This very funny book is hard to categorise. Is it fiction or non-fiction? Is it a biography or a book about not writing a biography? Having read it, I still don't know the answer but I'm tempted to say that's it's all of those things.
Geoff Dyer, or a fictionalised version of him, wants to write a book about DH Lawrence. However, he alternates between being paralysed by procrastination and restless to the point that he can barely stay in one country. He's in Paris when the book begins but believes he can't write there and gives up his apartment with the intention of moving to Rome. Having given up his apartment, he becomes convinced that he can't write anywhere else but Paris but it's too late.
From Rome, where it's too hot, he heads for a holiday in Greece, unable to decide whether to take his hefty volume of Lawrence's complete poems. If he takes it, he's sure that he won't even open it but if he leaves it behind he's convinced it will turn out to be the one book he truly needs to read.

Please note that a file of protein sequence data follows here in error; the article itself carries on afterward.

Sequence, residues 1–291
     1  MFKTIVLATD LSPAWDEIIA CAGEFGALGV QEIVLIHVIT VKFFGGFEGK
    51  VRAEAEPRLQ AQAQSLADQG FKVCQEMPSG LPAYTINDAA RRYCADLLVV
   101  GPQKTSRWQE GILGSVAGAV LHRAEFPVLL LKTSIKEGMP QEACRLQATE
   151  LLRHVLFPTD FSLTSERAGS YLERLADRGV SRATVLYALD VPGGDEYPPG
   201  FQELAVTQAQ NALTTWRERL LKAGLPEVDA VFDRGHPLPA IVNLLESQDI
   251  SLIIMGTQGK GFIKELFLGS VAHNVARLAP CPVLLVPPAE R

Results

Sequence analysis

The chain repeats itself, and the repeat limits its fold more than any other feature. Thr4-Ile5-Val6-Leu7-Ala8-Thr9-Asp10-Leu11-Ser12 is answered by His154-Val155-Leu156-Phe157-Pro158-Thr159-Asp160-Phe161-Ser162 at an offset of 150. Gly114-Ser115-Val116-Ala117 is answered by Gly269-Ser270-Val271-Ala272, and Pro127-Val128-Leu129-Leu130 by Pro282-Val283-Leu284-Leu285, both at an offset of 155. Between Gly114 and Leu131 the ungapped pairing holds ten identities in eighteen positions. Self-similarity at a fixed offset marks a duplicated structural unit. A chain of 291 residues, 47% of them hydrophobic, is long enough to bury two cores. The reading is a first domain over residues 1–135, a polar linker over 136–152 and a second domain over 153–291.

And so on. Dyer follows Lawrence's trail across Europe, to the US and to Mexico. He is plunged into depression and bedridden with a nasty dose of flu.
Throughout, Dyer offers observations on Lawrence (though a knowledge of Lawrence, or even any interest in him at all, is not necessary to enjoy this book), rages at literary critics and brilliantly evokes the condition of being stricken with indecision. His petty rages, for example against a cafe that frequently runs out of his favourite breakfast, are hilarious.
It's very readable but there's something profound about it too. Recommended.